• A sense of loss. Although the project had been challenging, it had also been invigorating. For its duration she was included with the senior team, and for the first time she met frequently with her CEO. And while the pressure was on, her staff rose to the occasion, following her lead and making her proud. Now that the big push was over, everything felt dull and flat.   The prospect of tackling overdue routine work felt like dull drudgery compared to the creative activity involved in the special event.
  • Depression. Lisa realized that she was tired and also bothered by the thought of dealing with all the overdue tasks. But her unhappiness was so intense that she was disconcerted by her own mood. She said, “I know it was a success, so why do I feel so awful? What’s wrong with me?”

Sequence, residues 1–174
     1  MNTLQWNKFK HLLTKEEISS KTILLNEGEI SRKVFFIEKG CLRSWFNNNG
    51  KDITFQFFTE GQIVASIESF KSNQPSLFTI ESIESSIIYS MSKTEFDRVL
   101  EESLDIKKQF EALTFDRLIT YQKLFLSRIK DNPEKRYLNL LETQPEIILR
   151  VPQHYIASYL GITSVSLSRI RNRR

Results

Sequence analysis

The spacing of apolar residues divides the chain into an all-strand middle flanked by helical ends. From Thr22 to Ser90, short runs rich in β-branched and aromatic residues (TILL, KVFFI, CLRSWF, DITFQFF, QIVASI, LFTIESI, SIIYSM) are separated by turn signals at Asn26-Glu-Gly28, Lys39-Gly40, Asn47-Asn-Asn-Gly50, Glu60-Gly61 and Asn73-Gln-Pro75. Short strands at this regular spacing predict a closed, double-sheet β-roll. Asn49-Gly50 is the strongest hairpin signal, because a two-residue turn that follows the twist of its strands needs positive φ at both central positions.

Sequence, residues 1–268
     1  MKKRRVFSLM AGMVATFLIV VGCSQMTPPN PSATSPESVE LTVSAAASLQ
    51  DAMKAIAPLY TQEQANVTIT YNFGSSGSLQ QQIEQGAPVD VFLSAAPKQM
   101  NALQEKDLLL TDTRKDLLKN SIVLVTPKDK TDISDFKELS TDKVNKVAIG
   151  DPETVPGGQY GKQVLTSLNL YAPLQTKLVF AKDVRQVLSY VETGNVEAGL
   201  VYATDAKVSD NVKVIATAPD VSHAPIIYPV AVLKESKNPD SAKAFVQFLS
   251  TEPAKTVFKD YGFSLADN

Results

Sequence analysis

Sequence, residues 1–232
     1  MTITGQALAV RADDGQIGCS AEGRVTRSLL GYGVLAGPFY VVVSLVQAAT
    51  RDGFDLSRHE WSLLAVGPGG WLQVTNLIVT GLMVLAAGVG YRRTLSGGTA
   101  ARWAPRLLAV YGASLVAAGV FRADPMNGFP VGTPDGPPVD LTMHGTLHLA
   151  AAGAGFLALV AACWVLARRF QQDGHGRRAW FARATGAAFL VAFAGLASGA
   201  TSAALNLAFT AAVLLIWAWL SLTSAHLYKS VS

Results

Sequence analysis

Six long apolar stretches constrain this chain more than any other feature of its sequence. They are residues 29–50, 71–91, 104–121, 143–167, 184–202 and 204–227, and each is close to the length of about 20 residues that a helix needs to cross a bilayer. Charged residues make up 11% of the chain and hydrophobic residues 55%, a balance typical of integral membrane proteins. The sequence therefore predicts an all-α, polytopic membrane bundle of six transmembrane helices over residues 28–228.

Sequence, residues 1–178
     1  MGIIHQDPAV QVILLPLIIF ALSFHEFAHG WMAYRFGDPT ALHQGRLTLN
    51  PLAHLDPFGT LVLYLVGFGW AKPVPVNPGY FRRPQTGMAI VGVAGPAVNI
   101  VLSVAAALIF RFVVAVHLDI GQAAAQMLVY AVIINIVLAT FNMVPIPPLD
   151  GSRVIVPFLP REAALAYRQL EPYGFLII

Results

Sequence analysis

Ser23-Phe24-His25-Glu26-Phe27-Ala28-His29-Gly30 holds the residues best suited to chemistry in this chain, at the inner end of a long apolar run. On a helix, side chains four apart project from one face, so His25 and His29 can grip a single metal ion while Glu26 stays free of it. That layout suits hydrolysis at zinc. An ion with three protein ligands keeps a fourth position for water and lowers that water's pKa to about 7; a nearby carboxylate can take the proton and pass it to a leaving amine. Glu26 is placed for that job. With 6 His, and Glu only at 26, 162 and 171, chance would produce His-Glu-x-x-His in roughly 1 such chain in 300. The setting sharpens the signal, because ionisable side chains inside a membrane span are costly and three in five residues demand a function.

Lisa felt better as soon as she realized that it’s normal to feel a letdown after you’ve made a great effort. One reason is that during a big push your brain chemistry changes to help keep you going. Professor Loretta Graziano Breuning suggests that your dopamine spikes when you really need it, and perhaps working with the big boss triggers your serotonin. But when your “happy chemicals” go back to their normal levels, it feels like something is wrong with your world.

After taking an afternoon off, Lisa gradually bounced back from her post-project crash. Since then, she has learned to plan ahead to assure a speedy recovery after each major event.

falling and screaming businessmanStrategies like these can help you to avoid or recover from Big Project Let-down: